Most students agree that doing homework is no fun. Most teachers agree that managing homework is no fun. Although you can't always control how well students manage to do their homework, you can control how you well you manage to organize it - maybe even with students' help! We've gathered a few ideas to make the process a little easier.
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The first step in any homework plan is to develop a solid homework policy and communicate it to both students and parents. Consider listing the following information when formulating your policy:
the types of homework students can expect - reports, projects, worksheets, etc.
the amount of homework - Your school may have a grade-by-grade policy on how much homework should be given or how much time should be taken to complete it. If not, please remember to take students' extra-curricular activities into account when deciding homework amounts. Also, make a note to parents to schedule an appointment with you if their child consistently exceeds the allotted time to complete homework.
the frequency of homework - homework should be given regularly and consistently, but not necessarily daily.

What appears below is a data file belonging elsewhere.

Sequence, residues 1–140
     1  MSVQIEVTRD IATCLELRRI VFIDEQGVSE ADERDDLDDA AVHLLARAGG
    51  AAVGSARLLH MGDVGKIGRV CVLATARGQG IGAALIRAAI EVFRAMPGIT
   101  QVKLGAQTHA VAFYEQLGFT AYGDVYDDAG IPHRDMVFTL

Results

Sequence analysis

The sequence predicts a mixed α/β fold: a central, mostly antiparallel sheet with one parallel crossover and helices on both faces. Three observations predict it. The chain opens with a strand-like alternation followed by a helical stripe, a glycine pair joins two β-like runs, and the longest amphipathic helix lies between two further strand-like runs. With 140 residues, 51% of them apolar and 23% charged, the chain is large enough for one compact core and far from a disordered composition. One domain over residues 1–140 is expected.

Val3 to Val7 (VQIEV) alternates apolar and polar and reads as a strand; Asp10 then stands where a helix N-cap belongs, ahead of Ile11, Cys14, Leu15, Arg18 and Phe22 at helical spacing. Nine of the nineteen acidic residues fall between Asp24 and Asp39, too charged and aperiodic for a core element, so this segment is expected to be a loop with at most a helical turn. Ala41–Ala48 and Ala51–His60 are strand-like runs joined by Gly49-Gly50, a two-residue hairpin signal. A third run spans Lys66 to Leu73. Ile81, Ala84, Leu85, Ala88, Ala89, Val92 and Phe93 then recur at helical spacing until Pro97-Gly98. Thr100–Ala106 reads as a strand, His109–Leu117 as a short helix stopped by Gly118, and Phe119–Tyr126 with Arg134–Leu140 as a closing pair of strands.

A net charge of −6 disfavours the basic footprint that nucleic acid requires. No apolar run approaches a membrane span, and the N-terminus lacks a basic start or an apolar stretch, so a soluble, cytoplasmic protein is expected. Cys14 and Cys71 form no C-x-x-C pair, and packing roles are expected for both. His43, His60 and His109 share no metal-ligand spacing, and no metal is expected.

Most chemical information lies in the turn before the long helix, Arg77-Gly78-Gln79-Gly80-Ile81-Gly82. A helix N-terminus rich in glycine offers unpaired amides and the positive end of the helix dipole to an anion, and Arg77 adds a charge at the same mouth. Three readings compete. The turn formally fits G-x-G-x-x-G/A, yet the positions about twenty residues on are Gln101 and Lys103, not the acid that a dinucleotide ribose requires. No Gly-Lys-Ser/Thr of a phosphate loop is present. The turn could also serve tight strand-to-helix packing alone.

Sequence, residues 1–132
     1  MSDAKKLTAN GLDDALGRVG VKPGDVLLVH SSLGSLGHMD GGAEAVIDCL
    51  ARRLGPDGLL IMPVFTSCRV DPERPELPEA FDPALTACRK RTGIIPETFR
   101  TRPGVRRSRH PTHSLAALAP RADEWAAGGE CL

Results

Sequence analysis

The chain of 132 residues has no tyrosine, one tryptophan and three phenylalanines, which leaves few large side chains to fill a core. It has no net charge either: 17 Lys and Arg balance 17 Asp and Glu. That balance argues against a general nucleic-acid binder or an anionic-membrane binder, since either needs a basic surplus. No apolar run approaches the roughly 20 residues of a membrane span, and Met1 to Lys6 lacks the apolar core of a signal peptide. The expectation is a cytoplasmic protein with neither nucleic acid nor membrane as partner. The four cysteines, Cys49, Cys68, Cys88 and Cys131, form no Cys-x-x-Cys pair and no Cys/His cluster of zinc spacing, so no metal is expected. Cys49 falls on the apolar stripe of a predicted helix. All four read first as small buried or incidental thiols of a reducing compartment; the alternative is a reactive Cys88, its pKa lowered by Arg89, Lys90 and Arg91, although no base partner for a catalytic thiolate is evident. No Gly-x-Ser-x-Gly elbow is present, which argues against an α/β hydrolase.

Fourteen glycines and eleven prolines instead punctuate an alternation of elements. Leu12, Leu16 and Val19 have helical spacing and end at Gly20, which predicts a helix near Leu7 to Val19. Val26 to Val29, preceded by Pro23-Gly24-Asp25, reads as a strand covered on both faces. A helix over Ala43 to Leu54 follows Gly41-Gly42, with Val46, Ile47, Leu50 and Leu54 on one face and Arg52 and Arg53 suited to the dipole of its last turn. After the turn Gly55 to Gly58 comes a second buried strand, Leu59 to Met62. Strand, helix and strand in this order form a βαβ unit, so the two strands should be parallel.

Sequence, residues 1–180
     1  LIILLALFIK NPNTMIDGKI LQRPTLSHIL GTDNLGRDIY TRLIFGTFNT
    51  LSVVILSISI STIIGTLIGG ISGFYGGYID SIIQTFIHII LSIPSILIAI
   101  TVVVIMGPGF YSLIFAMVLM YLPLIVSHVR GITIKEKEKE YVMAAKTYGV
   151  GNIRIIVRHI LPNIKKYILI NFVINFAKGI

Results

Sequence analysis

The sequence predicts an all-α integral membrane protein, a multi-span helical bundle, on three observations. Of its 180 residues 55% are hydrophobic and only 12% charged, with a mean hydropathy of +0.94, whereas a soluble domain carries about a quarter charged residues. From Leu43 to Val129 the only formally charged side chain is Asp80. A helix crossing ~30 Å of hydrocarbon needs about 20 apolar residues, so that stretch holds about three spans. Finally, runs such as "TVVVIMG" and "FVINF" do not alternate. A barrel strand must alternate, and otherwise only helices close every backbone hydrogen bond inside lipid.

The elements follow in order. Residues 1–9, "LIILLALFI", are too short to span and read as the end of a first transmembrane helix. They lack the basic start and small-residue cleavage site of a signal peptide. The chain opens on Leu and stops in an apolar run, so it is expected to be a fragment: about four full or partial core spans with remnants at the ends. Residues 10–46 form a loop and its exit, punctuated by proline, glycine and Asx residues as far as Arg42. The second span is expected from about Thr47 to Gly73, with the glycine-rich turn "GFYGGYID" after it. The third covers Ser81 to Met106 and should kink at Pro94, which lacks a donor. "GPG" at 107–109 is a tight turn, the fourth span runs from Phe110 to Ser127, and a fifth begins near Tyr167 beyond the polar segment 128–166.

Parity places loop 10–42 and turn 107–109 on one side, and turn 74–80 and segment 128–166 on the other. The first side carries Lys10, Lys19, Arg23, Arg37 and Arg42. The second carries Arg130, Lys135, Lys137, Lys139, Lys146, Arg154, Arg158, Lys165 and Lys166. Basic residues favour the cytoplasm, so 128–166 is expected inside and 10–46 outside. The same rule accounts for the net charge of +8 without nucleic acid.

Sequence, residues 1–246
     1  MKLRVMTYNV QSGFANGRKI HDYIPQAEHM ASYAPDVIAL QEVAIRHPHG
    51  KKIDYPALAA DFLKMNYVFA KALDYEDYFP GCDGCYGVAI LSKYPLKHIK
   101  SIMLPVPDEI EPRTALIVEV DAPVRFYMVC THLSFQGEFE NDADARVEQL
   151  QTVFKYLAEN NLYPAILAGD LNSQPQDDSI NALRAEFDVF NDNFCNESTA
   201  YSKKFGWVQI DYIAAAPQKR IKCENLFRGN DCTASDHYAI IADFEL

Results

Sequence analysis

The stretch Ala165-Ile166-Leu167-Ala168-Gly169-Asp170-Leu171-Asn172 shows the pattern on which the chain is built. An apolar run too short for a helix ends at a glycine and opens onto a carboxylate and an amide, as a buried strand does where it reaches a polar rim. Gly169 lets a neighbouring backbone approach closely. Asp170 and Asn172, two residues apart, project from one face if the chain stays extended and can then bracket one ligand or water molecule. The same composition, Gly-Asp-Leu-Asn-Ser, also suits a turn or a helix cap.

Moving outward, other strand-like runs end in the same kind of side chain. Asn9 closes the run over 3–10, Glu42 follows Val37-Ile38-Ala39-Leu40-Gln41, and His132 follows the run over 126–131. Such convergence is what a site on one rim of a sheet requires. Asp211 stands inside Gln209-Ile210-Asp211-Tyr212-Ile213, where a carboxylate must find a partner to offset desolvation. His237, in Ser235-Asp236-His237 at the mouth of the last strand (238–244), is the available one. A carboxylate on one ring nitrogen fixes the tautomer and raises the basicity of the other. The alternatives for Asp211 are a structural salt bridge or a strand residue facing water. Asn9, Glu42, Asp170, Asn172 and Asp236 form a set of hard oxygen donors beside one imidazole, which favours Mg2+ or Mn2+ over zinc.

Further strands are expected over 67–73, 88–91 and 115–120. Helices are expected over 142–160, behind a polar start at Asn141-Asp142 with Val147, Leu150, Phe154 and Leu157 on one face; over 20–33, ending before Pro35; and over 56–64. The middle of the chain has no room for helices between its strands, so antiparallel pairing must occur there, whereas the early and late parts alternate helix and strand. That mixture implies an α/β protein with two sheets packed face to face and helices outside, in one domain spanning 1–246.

when homework will be evaluated (weekly, etc.)
style requirements - For example, include name and/or student number on paper, write in cursive or manuscript, use pencil or pen, follow spacing/type guidelines for written papers, etc.
how assignments will be communicated - Assignments should always be written, not just given orally. Consider handing out periodic (weekly, monthly) assignment sheets in addition to centrally posting the information.
how homework will be graded and its percentage of the entire grade
time limits and/or point/grade reductions for overdue assignments
student requirements for recording completed homework, maintaining homework binder, etc.
parental requirements for signing homework forms - Decide whether they sign a homework completion sheet nightly or weekly.
make-up policy - Decide if and how you want to communicate daily assignments to absentee students. We've included some suggestions further down in this newsletter.
Consider sending a separate letter to parents outlining suggestions for helping students with their homework, like finding a quiet place for them to work, designating a specific time frame each afternoon or evening to complete their homework, removing distractions, etc.